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US ignored tip-off on Boston ‘bomber’

- Russia had warned of suspect’s terror links
A CBS News image of Dzhokhar Tsarnaev after he was found hiding in a boat in a Boston suburb. (AFP)

Washington, April 20: Dismissed in barely one paragraph by mainstream media outlets in the US is a big story that ought to rank along with dramatic accounts of the capture late last night of Dzhokhar Tsarnaev, the 19-year-old Chechen American who is suspected to have planted pressure-cooker bombs at the Boston Marathon.

This grossly understated story is a tale of how Russia had tipped off the Federal Bureau of Investigation two years ago that Dzhokhar’s elder brother, 26-year-old Tamerlan Tsarnaev, had ties with Chechen terrorists. Tamerlan, also a suspect in the Boston bombings and a US green card holder, was shot and killed in a fire-fight with the police on Thursday.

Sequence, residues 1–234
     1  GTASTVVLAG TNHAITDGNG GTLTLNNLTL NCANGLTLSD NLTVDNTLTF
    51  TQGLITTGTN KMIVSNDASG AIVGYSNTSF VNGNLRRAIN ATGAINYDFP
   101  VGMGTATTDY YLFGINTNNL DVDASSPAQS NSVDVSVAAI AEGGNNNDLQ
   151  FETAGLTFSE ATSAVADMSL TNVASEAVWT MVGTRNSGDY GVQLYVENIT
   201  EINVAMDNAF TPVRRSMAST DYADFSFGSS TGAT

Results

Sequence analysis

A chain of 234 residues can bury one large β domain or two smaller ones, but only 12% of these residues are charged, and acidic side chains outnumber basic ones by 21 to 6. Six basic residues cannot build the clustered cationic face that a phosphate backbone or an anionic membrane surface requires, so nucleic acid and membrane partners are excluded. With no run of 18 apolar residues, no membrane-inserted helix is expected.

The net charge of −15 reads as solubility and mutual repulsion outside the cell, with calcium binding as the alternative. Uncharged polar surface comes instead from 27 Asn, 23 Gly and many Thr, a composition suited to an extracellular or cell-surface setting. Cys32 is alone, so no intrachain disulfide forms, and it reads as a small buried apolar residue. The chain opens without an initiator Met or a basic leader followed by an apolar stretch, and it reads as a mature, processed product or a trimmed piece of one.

The FBI “interviewed” Tamerlan — did not interrogate him — and he carried on with whatever he was doing, which appears to have culminated in tragic consequences for more than 170 innocent people in Boston on Monday.

And Tamerlan was doing quite a lot, it now turns out, which ought to have been evident to anyone merely scanning his social media posts, let alone to a specialised investigative agency such as the FBI.

This is an experience that is not unfamiliar to Indians. As early as 2007, the Moroccan wife of David Coleman Headley, who is now acknowledged as a key planner in the 2008 terrorist attacks on Mumbai, went to American officials at their embassy in Islamabad to warn them that her husband was a terrorist.

She even suspected that he was connected to a train bombing in Mumbai.

A review by the US director of national intelligence in 2010, long after the proverbial bird had flown the coop, revealed that there were four other instances since 2001 when US intelligence agencies had been tipped off about Headley.

As in Tamerlan’s case now, nothing was done about Headley then. It is possible that the victims of the Tsarnaevs — assuming they are guilty — could have been saved had the FBI taken the Russian warning seriously just as 166 lives could have been saved in Mumbai if the Americans had shared their information with India.